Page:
The straw that broke the camel’s back was that the California Department of Real Estate had not yet given the developers approval to actually sell anything yet. And poor Rick found this out after he went into escrow.

Five months crawled by with a trickle of a small federal approval here, a state signature there. More paperwork was mandatory, more approvals were required, more sign-offs from more officials were needed before they could accept Rick’s money and let him move into the fully operational structure that just sat there, waiting for him. Other buyers moved from sometimes distant locations, put down a reserve or went into escrow, and waited for months. While some stuck it out, many others were forced to moved on.

While the developer refused to give him a date for when he could close escrow and move in, Rick’s paystubs began to expire (they’re only valid for thirty days). This put him right back where he started, providing all the same personal and financial information he supplied first with his reserve, and a second time when he returned to Lincoln Park.

In the meantime, the developer seemed completely comfortable leaving Rick and the others in the dark about their timeline. They were unresponsive regarding their approvals and paperwork and even less responsive when it came to an estimated move-in dates. And once it seemed that things were finally beginning to move, Rick discovered just how much more paperwork and how many more approvals the first time homebuyers mortgage program required over the conventional loan process. In fact, it seemed that some people who began the conventional loan process after Rick went into escrow were actually going to get approved before him.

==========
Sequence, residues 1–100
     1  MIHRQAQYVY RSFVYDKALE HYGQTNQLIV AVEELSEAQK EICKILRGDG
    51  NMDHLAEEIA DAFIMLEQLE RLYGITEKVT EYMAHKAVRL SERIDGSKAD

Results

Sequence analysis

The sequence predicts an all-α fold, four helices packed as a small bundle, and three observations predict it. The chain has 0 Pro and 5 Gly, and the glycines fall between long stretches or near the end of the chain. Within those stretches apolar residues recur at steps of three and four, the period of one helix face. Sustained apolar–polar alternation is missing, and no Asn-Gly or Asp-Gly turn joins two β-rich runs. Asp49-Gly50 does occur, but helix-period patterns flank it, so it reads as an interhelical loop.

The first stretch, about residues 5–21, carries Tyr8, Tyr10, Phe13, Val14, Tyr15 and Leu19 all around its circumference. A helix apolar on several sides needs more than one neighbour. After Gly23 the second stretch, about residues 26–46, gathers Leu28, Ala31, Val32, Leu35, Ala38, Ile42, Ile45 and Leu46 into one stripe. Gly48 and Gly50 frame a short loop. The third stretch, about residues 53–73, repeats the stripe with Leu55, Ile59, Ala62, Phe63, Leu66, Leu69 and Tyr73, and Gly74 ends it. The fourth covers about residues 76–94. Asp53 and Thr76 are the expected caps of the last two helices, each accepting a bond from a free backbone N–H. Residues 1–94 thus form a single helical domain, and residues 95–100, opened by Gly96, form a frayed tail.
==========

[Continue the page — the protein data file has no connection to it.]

At some point, everyone in Rick’s life began to tell him to pull out of the deal. He had faith that the situation would work itself out, but responded cynically to positive news. The way he saw it, the process wouldn’t be over until he had the keys in his hands.